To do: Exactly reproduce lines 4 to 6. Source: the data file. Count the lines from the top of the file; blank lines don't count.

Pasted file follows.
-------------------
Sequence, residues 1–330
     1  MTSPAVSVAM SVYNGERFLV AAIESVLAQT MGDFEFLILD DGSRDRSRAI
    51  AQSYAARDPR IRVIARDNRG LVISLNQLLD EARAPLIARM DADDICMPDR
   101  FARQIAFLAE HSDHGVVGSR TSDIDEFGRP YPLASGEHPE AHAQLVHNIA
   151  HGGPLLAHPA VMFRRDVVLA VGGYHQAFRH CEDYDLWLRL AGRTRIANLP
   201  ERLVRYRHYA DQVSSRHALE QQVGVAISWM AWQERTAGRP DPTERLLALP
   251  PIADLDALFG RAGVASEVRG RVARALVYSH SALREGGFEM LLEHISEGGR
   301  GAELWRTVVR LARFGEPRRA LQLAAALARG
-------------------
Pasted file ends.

   101  FARQIAFLAE HSDHGVVGSR TSDIDEFGRP YPLASGEHPE AHAQLVHNIA
   151  HGGPLLAHPA VMFRRDVVLA VGGYHQAFRH CEDYDLWLRL AGRTRIANLP
   201  ERLVRYRHYA DQVSSRHALE QQVGVAISWM AWQERTAGRP DPTERLLALP